Thickness Sander from an 8 x 4 sheet of plywood

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Project by Jim Rowe posted 03-22-2013 12:02 PM 5275 views 45 times favorited 13 comments Add to Favorites Watch

I posted a short blog yesterday giving some details of how I made my Thickness Sander from an 8×4 sheet of plywood .
Here is the completed article with some additional pictures. It’s a relatively easy project to make and the use of plywood results in a really rigid yet light framework. I used hide glue whenever possible to fix the mortise and tenon and finger type joints in place.
I found many superior examples of Thickness Sanders here on LJs and used ideas from many of them as my design and construction progressed. Many thanks to those who preceded me.
Thanks for looking and if you have any questions or comments please let me know.

-- It always looks better when it's finished!

13 comments so far

View drbyte's profile


762 posts in 3875 days

#1 posted 03-22-2013 01:12 PM

Nice job! Really great tool to have around. I have one for mounting on my lathe but wish I had room enough for a dedicated machine as nice as yours!

-- Dennis, WV

View DeLayne Peck's profile

DeLayne Peck

440 posts in 2014 days

#2 posted 03-22-2013 02:35 PM

This should be a Top Daily Three!

-- DJ Peck, Lincoln Nebraska. Lord, keep your arm around my shoulder and your hand over my mouth.

View oldnovice's profile


6391 posts in 3181 days

#3 posted 03-22-2013 04:27 PM

I always wanted one of those so maybe I’ll build one of these too! It looks heavy duty enough to do the jobs I want.

It has been added to my favorites.
Thanks for sharing!

-- "I never met a board I didn't like!"

View hoss12992's profile


3956 posts in 1706 days

#4 posted 03-22-2013 05:57 PM

Great job, and Im sure i will be following your lead and build one for my shop. Thanks for sharing!

-- The Old Rednek Workshop

View hoss12992's profile


3956 posts in 1706 days

#5 posted 03-22-2013 06:02 PM

What did you use for the roller tube with the sand paper on it?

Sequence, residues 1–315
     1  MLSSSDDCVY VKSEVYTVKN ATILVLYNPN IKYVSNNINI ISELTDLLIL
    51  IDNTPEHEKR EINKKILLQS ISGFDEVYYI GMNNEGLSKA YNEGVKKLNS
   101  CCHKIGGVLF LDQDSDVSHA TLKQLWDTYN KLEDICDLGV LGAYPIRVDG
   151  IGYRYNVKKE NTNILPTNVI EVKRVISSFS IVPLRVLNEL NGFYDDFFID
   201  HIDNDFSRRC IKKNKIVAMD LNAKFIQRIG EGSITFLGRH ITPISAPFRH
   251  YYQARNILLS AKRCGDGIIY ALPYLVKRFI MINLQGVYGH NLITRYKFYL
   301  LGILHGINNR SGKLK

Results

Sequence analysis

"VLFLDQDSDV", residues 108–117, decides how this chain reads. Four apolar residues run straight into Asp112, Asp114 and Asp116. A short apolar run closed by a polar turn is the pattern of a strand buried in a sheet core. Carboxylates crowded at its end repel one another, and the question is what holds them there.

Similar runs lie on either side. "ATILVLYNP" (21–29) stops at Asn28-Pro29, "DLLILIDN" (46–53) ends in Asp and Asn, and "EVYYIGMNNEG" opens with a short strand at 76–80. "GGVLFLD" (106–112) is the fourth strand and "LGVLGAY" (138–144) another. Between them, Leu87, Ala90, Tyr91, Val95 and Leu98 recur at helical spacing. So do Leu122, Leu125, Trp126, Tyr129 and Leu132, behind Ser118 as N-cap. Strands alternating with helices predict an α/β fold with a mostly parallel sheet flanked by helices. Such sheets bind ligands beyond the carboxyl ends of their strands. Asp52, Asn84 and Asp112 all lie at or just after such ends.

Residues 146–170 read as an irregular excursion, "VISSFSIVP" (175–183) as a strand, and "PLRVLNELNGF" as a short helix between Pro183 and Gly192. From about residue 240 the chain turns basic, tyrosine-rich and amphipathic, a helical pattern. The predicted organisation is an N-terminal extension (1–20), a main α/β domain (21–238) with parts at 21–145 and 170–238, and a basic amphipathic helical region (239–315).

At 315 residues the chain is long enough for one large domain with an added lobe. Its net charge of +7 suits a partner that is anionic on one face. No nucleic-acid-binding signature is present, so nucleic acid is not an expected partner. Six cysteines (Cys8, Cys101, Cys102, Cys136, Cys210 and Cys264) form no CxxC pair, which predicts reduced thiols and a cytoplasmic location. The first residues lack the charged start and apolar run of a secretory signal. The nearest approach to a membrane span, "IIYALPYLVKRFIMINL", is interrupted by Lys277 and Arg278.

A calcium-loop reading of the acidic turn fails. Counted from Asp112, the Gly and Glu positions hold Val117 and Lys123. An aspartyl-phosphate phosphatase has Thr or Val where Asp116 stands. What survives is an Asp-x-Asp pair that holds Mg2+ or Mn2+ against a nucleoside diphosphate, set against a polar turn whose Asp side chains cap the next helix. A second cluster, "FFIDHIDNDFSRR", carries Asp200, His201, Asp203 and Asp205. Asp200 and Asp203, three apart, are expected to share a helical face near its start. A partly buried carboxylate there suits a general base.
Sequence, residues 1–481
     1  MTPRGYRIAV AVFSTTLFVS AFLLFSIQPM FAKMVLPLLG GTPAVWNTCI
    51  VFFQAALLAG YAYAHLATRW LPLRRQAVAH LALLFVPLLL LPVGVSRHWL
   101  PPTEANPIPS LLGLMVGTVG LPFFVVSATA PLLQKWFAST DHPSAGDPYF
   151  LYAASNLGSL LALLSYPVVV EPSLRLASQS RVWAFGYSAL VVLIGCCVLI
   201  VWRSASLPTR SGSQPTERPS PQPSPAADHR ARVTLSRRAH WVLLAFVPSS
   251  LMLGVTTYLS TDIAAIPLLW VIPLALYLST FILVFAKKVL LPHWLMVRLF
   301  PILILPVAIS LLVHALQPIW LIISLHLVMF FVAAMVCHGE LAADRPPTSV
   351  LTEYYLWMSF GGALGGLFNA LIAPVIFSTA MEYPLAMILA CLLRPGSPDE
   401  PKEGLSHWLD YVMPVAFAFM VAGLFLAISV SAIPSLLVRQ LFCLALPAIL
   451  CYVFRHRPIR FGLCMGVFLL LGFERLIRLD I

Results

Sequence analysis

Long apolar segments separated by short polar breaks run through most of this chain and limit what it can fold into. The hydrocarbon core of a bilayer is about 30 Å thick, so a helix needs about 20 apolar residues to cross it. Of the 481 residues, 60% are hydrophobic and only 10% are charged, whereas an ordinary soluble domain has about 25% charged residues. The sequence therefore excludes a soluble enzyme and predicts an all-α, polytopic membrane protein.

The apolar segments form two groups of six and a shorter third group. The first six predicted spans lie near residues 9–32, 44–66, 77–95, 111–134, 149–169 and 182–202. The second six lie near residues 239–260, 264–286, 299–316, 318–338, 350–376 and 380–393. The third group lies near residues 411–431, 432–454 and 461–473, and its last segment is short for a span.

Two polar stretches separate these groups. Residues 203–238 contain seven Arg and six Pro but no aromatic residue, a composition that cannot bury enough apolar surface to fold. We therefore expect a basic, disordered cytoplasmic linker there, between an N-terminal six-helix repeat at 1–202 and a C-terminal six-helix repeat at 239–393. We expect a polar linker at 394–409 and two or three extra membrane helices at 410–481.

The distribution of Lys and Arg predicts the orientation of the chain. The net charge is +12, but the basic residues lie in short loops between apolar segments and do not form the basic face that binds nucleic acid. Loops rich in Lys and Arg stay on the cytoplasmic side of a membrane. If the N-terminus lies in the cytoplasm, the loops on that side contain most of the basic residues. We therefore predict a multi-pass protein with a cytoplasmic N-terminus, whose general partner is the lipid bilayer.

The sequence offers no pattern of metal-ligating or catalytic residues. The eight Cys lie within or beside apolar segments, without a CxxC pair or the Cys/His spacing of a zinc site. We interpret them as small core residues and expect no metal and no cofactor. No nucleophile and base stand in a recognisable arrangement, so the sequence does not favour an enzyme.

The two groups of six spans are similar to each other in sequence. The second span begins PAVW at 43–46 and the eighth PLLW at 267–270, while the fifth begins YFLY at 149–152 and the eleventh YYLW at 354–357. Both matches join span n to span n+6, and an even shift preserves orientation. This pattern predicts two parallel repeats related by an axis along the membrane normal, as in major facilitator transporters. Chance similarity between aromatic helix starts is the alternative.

-- The Old Rednek Workshop

View Jim Rowe's profile

Jim Rowe

995 posts in 2125 days

#6 posted 03-22-2013 06:49 PM

Hi Hoss
The roller is made from 20 41/2 inch diameter bandsawn mdf discs each with a 3/4 inch centre hole. The table is 15 inches wide. The axle shaft is a piece of 3/4 inch diameter mild steel. The discs were glued to the shaft using an epoxy glue and the discs were glued together with Titebond. It’s a fairly slow and messy process. The discs are clamped together together during the drying process. The initial cylinder will be uneven (that’s life) so once you have rigged up your motor and pillow bearings you can true the cylinder by gently sliding a piece of mdf that has 80 grit sandpaper glued to it under the cylinder until you have an even sanding pattern. Make sure you have a fitted dust hood in place as mdf dust is really nasty. Once you have levelled the cylinder you need to seal the exposed edges with a proprietary mdf sealer or a mixture of white glue diluted with water. Leave overnight to dry. Cover the cylinder with sticky backed velcro to which you can then attach the velcro backed sandpaper.
Good luck.

-- It always looks better when it's finished!

View JJones98042's profile


228 posts in 2065 days

#7 posted 03-23-2013 01:08 AM

Outstanding! :D

-- "Keep thy airspeed up, lest the earth come from below and smite thee." - William Kershner

View eddie's profile


8565 posts in 2427 days

#8 posted 03-23-2013 02:58 AM

out standing tool build ,

-- Jesus Is Alright with me

View hoss12992's profile


3956 posts in 1706 days

#9 posted 03-23-2013 03:07 AM

Thanks Jim for sharing your advise and insight. I really appreciate the help. Again, Great Job!

-- The Old Rednek Workshop

View kiefer's profile


5562 posts in 2480 days

#10 posted 03-27-2013 02:40 AM

Nice blog and post Jim.
Got me thinking and would be nice to have another sander like this but where I want to place it are some size restrictions .
I like the way you used the plywood construction .
A well build machine that will last and now enjoy !

-- Kiefer

View Jim Rowe's profile

Jim Rowe

995 posts in 2125 days

#11 posted 03-27-2013 10:36 AM

Thanks for your comments. The footprint of my version is 22 inches wide by 25 inches deep. The table is 15 inches wide by 24 inches long. It’s mounted on wheels – two steerable and lockable ones at the front and two fixed straight line ones at the rear. If your space is at a premium you should really try to shoehorn one of these in. You will find it very useful. Just think about all of those wonderful thin veneers you will be able to produce to stick on with hide glue!

-- It always looks better when it's finished!

View StumpyNubs's profile


7477 posts in 2613 days

#12 posted 03-27-2013 11:14 AM

We can’t get 8X4 sheets of plywood in Michigan. Would a 4X8 sheet work?

-- Subscribe to "Stumpy Nubs Woodworking Journal"- One of the crafts' most unique publications:

View Jim Rowe's profile

Jim Rowe

995 posts in 2125 days

#13 posted 03-27-2013 12:49 PM

Only if you can cut the pieces out sideways! Apart from that it should be fine!!

-- It always looks better when it's finished!

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